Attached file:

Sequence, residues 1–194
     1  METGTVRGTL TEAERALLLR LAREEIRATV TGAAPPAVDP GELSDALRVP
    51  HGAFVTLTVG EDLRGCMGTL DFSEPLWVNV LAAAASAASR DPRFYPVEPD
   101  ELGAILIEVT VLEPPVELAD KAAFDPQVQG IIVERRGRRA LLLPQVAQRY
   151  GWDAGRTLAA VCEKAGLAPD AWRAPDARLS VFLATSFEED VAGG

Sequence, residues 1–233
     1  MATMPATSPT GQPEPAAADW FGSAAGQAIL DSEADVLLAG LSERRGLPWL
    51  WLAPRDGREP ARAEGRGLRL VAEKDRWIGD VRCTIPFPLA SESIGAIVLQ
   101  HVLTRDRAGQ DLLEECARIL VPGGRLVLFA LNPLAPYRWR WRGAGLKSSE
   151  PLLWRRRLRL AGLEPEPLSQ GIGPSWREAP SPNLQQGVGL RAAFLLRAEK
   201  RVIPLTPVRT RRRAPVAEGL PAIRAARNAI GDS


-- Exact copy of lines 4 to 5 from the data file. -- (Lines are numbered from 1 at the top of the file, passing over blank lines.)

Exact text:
   101  ELGAILIEVT VLEPPVELAD KAAFDPQVQG IIVERRGRRA LLLPQVAQRY
   151  GWDAGRTLAA VCEKAGLAPD AWRAPDARLS VFLATSFEED VAGG